|Barbara Jones, the Caleb T. Winchester University Librarian, is the author of two books on intellectual freedom.|
| If a Wesleyan professor wanted to know what books students have read in the past, the staff at Olin Library would not be allowed or able to give him an answer.
By law, we cannot report to anyone what anyone else has been reading, asking or viewing on the Internet, explains Barbara Jones, the Caleb T. Winchester University Librarian. We have the right to provide people with information, but we do not have the right to share what information they have requested. Plus, we break the electronic link between the patron and the borrowed item as soon as the book is returned.
Jones knowledge in this area is not just a result of he being a library administrator. She is also an internationally-acknowledged expert on intellectual freedom. It was this background that garnered Jones an invitation to speak on similar topics at three venues in Japan Aug. 28-31. The U.S. Embassy in Toyko, Japan hosted her visit.
She was accompanied by James Neal, vice president of Information Services and university librarian at Columbia University. Together, they spoke on Intellectual Property and Intellectual Freedom. Jones spoke primarily on the First Amendment and the U.S. Patriot Act; Neal spoke on copyright law issues in the United States.
Both of these issues are hot topics in Japan. Copyright laws in the U.S. are different from other parts of the world, Jones explains. And Japan contemplating its own version of the U.S. Patriot Act. Japanese library professionals are sensitive to these issues.
During World War II, library collections in Japan were heavily censored.
In todays prosperous and relatively open Japanese society, their librarians are very passionate about including all areas of thought in their collections and in daily discourse, Jones says. This is why they are so interested in U.S. library policies related to the First Amendment.
Jones and Neal spoke at embassy and consulate information centers in Fukuoka, Sapporo and Toyko, Japan. Their audiences ranged in size from 50 to 150 people. Most in attendance were professionals, academics, legislature members, librarians and the general public. Radio, television and newspaper reporters also attended the meetings. The presentations were made in English and translated to Japanese.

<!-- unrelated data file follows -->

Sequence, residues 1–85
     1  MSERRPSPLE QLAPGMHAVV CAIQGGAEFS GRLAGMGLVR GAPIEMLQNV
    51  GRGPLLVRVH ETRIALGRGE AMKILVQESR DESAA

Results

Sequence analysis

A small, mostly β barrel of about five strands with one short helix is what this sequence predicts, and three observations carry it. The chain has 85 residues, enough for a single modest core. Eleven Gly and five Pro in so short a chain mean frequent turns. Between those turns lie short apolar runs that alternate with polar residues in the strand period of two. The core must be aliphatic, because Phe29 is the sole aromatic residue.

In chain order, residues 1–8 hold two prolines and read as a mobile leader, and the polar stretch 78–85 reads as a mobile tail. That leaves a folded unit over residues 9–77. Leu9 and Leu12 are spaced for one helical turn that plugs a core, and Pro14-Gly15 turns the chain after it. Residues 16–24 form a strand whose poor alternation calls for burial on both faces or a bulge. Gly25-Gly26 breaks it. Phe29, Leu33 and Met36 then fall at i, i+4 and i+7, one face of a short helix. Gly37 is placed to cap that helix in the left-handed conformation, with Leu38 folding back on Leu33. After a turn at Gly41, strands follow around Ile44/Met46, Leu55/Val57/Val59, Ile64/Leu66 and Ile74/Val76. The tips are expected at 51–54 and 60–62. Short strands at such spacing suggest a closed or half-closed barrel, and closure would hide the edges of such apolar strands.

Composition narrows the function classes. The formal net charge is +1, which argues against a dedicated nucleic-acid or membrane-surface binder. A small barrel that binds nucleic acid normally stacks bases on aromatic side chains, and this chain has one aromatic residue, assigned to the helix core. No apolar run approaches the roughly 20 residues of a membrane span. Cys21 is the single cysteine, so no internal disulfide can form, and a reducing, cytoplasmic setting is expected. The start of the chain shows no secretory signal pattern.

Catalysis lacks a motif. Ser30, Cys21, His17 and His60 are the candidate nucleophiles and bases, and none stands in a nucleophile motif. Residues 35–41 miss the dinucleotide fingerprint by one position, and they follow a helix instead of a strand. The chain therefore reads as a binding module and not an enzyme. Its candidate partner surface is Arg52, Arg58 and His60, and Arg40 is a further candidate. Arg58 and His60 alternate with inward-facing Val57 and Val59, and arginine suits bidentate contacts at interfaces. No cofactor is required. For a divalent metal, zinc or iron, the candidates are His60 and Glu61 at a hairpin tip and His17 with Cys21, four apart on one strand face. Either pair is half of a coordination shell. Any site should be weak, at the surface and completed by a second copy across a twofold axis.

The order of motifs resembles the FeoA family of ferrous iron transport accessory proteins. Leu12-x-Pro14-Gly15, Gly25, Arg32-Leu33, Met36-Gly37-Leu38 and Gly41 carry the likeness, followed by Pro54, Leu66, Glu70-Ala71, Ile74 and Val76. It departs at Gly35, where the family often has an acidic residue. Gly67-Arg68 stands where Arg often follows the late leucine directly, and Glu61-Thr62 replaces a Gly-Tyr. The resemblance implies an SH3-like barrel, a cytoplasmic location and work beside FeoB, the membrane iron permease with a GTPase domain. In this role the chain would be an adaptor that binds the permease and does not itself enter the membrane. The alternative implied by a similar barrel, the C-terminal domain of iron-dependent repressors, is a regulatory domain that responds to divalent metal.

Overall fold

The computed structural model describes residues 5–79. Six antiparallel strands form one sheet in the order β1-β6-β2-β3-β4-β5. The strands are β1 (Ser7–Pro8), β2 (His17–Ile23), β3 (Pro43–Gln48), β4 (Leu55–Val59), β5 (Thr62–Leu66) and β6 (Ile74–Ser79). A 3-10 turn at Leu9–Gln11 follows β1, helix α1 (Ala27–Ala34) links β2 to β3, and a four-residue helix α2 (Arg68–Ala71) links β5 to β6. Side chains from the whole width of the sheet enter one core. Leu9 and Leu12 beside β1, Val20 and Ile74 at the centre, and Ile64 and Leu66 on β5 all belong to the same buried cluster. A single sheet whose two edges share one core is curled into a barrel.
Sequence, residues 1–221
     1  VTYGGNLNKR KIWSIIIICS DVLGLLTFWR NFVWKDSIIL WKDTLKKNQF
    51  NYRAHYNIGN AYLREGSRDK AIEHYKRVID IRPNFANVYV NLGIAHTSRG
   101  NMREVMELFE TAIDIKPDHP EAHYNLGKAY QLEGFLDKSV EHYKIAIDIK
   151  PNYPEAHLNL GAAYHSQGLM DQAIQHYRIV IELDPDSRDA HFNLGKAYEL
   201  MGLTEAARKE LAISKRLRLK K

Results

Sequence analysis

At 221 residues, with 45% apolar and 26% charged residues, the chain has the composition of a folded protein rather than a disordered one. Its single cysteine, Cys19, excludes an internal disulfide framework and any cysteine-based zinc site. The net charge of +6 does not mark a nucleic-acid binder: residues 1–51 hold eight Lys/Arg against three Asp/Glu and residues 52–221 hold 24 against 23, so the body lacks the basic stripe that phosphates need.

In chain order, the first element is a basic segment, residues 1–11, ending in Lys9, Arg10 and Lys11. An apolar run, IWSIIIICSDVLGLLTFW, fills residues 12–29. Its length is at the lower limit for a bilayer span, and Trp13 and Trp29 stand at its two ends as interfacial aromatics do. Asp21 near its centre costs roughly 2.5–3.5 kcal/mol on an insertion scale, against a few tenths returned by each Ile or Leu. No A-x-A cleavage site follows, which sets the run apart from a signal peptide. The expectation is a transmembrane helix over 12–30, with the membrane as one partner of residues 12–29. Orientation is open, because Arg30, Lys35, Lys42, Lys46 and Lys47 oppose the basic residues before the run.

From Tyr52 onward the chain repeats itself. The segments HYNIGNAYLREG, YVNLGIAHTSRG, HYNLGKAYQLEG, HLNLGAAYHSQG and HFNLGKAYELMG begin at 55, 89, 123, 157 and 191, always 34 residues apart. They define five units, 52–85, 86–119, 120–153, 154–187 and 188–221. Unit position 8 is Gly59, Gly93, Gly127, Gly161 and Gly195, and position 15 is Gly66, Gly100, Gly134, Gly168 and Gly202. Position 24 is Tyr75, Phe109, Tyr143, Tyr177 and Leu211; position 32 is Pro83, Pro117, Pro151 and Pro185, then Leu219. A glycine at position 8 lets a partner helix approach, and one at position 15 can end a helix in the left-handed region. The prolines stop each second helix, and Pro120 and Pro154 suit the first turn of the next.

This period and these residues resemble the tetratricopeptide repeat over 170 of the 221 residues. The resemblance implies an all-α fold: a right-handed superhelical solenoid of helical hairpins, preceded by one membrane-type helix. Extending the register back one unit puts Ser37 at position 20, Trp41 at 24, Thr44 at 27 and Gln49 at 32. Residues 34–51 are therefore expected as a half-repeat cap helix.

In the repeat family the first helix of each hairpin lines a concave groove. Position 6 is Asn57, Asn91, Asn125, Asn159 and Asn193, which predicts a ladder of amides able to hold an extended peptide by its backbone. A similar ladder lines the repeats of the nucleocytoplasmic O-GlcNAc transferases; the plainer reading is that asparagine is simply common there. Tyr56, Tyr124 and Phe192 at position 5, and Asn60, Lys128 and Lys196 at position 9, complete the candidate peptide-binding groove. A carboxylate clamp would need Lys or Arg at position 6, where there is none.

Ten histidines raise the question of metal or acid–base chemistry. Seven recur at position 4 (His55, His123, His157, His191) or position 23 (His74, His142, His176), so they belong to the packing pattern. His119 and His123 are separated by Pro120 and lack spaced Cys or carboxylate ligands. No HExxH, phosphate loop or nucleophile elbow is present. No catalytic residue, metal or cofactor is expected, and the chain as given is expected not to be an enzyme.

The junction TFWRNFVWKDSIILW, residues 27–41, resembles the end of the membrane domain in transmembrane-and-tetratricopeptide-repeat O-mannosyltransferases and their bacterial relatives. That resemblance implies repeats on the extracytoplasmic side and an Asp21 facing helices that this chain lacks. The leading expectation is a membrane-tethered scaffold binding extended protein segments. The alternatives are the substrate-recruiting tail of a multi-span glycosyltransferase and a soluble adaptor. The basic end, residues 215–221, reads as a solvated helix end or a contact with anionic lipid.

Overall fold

In her talk, Jones brought up the importance of balancing security and privacy with the publics right of access to information, how U.S. constitutional issues affect the international library community and how technology plays a role in controlling access to content. She also talked about how national security legislation can compromise librarians best practices in providing content and services, the importance of written polices and guidelines for library services, problems with information crossing national boundaries, and accessing electronic information.
Although the talk was sponsored by the U.S. Embassy, Jones was able to speak against such U.S. government policies as Internet filtering requirements tied to federal funding, and the scope of the U.S. Patriot Act. While she is just as concerned about international terrorism as all U.S. citizens, Jones believes that current government policies that compromise library access and patron privacy in order to prevent terrorism are often ill conceived and do not achieve their objective.
Some Japanese audience members knew of her research in advance. Her book, Libraries, Access and Intellectual Freedom: Developing Policies for Public and Academic Libraries, is published in both English and Japanese. Her new book, Intellectual Freedom in Academic Libraries, is due to be published in spring 2007.
In these books, Jones takes first amendment theories and ties them to the real world of librarians in libraries with real patrons with actual examples of intellectual freedom problems.
For example, it is all well and good to have a written policy on following the spirit of Connecticut state law regarding library patron privacy, but what should a student worker do when a distinguished faculty member asks the student to reveal what books a particular student has checked out? she says. What does that student do when an FBI agent approaches the desk and asks what books that student has checked out? Fortunately, such events dont happen often at Wesleyan, but its important to know the legal and ethical obligations in such cases. My books are practical, but based on court decisions, legislation, and American Library Association policy.
This fall, Jones begins her fourth year as Wesleyans head librarian. In addition to intellectual property, her interests include academic library space planning; legal issues; collection management and budgeting for the 21st century library; fundraising, library development and community outreach; scholarly communication in a digital environment; special collections role in the 21st century library and international librarianship.
The Chicago, Ill. native has various degrees from the University of Illinois at Urbana-Champaign, Northwestern University, Columbia University, New York University, and she has a Ph.D in U.S. history from the University of Minnesota.
At Wesleyan, Jones has been an active member of the Deans Council, a coordinator for the Academic Technology Roundtable; chair of the Intellectual Property Committee; chair of the Library Space Planning Advisory Group; convener for the Information Literacy Discussion Group with faculty and librarians and the coordinator of Constitution Day events 2005-07.
Jones says shed like to return to Japan to speak at other information centers in the country.
Im really hoping that once my new book comes out they will want to invite me back, she says, smiling.
|By Olivia Drake, The Wesleyan Connection editor|